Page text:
Guatemalan Cuisine: Ejotes Envueltos Recipe
Back in January Rudy marked his 1000th post with a pic of pacaya cooked in egg batter and duly polled readers for their interest in a series on comidas envueltas en huevo. There did seem to be some enthusiasm for this at the time, so I thought I’d relate here how my girlfriend and I cooked up some ejotes envueltos for lunch recently.
This light vegetarian treat is very easy to prepare, especially if you possess an electric whisk. (Unfortunately ours appears to have gone AWOL.)
It’s also a very typical local dish. We were inspired to make ours after being served it up by some Guatemalan friends just a few days earlier — though our version has one or two Mediterranean touches.
French beans (ejotes) have been a common sight on Guatemalan tables for generations, but production in the highlands was increased dramatically during the 80s along with that of other so-called non-traditional export crops (NTXs) such as sugar snap and snow peas, radicchio and baby carrots — thanks largely to the ministrations of external development agencies.
Start by boiling or steaming some thin French beans; just enough to soften them up. Then whisk up the whites of several eggs — we used three for our pound of ejotes.
After about ten minutes your arm will be sore and your egg whites will have have fluffed up such that you can hold the bowl upside down over your head with some confidence.
Now add the yolks and stir very gently with a fork until the colour and texture of the mixture are consistent. Add some salt and pepper according to taste.
At this stage you need to decide how messy you want your hands to get. The authentic Guatemalan chef will have pinched the ends off the beans and organised them into little piles, consisting of approximately ten of roughly equal length. These will be picked up individually and manually dunked into the egg mix and thereafter deposited immediately into a lightly-oiled frying pan.
Alternatively, you can place your bean maletitas on a separate plate and use a spoon to cover them. This is how we did it. We also used olive oil and as some of the egg mixture was left over, we dipped a sliced salad tomato into it and slipped that into the pan as well. (Onions and cauliflower can be treated similarly.)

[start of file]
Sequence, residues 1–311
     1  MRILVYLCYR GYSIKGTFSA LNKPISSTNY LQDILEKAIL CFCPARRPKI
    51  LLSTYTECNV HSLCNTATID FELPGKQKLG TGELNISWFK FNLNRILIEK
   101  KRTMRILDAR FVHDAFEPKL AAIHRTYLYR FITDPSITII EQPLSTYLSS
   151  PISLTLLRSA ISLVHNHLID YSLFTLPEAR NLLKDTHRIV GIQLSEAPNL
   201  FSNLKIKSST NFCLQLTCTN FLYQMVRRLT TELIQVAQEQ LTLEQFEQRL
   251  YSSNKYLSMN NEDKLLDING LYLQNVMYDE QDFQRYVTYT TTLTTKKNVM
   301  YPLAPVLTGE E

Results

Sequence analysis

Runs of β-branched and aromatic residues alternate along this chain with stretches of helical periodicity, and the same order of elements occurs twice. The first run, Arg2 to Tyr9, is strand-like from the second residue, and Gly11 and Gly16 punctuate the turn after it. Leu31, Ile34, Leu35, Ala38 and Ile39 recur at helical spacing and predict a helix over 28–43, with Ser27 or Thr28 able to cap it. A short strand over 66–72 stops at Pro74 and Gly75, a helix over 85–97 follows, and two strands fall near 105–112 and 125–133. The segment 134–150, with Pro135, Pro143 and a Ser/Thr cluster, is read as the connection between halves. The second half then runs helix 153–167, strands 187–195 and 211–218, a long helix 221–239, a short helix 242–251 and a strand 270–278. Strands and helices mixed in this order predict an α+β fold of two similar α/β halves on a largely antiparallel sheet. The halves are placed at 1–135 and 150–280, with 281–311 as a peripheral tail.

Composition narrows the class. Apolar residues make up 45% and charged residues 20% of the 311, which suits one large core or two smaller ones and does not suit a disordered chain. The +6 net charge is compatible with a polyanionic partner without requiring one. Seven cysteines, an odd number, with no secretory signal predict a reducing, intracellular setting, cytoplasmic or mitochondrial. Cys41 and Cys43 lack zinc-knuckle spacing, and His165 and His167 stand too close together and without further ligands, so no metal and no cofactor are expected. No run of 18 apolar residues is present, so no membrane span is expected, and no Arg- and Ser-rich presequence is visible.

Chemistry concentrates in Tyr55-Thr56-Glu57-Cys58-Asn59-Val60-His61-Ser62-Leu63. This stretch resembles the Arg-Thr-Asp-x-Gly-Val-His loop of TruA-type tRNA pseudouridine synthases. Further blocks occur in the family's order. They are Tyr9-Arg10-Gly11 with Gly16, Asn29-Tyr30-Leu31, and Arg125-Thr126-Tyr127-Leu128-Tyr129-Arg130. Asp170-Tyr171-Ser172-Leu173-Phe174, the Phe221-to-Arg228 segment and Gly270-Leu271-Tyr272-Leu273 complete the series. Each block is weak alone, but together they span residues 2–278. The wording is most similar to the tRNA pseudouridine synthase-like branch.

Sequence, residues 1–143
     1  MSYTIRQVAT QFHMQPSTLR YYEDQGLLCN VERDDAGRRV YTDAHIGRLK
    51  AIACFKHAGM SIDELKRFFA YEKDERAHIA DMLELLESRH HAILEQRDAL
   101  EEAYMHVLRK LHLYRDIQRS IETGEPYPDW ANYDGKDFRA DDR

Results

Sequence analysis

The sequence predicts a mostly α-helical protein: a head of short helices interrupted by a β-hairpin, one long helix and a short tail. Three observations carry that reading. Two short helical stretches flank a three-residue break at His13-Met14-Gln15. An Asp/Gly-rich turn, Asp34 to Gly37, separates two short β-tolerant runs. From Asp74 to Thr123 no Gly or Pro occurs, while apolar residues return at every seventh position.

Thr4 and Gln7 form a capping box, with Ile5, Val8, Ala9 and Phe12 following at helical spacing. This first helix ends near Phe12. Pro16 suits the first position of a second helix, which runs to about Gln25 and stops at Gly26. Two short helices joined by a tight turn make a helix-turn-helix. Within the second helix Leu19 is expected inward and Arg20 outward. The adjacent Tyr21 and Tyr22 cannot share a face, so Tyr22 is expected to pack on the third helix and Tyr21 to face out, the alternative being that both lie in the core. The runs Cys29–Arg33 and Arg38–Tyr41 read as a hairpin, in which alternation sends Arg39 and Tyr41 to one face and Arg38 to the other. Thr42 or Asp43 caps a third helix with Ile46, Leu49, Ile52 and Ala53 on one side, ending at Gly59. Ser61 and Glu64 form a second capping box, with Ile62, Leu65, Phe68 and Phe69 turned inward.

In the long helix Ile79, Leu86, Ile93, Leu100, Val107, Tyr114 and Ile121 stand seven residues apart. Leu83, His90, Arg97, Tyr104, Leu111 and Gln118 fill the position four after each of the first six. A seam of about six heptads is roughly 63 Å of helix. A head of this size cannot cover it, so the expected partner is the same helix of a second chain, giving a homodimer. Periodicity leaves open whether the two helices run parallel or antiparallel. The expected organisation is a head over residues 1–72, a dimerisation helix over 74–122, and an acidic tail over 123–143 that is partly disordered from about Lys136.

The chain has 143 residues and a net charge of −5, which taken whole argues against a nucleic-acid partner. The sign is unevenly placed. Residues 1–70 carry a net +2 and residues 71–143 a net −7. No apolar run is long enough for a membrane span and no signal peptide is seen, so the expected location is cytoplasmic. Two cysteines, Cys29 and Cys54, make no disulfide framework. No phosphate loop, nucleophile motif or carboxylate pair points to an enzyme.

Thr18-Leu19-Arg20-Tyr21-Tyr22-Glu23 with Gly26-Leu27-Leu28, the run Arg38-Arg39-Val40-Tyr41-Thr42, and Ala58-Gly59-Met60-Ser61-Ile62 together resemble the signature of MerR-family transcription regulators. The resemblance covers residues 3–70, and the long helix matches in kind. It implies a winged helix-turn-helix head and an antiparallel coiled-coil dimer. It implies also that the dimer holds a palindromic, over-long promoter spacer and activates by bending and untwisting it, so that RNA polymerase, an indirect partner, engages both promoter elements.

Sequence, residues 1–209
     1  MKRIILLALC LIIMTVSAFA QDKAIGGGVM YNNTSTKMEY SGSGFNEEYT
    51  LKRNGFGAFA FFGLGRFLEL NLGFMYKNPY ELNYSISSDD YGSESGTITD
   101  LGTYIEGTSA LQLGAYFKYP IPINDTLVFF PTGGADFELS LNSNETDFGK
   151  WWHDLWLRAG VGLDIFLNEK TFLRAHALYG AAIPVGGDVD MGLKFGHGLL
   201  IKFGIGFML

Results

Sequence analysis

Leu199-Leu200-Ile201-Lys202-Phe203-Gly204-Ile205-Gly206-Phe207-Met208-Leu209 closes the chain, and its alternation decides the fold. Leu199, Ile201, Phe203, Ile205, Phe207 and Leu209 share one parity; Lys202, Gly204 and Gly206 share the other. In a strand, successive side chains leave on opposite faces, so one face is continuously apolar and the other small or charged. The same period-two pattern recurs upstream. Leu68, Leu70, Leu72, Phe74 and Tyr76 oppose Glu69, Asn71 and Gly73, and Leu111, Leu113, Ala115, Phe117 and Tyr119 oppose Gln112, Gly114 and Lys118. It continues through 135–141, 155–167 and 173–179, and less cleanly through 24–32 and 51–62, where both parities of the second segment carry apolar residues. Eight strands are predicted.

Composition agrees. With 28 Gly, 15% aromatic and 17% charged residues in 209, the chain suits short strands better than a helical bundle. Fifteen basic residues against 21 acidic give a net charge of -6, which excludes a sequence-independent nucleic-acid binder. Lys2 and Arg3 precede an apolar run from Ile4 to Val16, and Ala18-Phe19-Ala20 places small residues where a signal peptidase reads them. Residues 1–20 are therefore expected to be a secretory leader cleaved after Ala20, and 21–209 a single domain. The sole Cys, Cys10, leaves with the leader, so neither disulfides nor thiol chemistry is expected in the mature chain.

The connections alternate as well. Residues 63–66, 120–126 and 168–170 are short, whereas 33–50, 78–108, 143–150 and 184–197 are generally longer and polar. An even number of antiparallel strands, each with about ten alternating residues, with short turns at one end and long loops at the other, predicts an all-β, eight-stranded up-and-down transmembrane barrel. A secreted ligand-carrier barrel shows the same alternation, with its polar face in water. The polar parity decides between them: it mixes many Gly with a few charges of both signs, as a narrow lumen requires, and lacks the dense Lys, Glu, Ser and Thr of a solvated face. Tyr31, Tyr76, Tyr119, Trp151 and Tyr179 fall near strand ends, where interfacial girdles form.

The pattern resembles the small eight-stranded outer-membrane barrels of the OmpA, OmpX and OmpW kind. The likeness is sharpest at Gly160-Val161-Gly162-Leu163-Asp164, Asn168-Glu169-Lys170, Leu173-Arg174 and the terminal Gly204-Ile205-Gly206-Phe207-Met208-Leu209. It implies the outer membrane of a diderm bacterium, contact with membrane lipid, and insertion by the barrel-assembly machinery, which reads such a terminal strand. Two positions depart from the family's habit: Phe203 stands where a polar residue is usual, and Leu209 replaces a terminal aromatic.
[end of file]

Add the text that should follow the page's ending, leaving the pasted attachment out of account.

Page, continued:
Our egg-wrapped beans were flipped over once and removed from the heat as soon as they had begun to brown. Meanwhile, we had put a pound of plain white rice in a bowl with water and heated it in the microwave for ten minutes. After that we took it out, stirred it, added olive oil and some of the water left over from warming the beans, and then returned it to the microondas for another six minutes.
We then made a sauce by lightly frying some finely-chopped plum tomatoes, red peppers and white onions, before liquidising them with the rest of the ejote-infused water. We also tossed in some torn basil leaves. (Most of the basil — albahaca — I’ve found here ‘in the field’ tends to be the pungent purple-stemmed variety. I haven’t found many Guatemalans who like cooking with it.)
The ejotes envueltos, the rice and the sauce were then united on the plate, as pictured. The final touch was a sprinkling of an admittedly rather Old World condiment, Pimentón de La Vera (Spanish smoky paprika) — it’s a spice that goes down a real treat with many traditional Guatemalan snacks, most notably fried plantains. I even sneak a little into in my frijoles.
text and photo by Guy Howard.
© 2009 – 2020, Guy Howard. All rights reserved.
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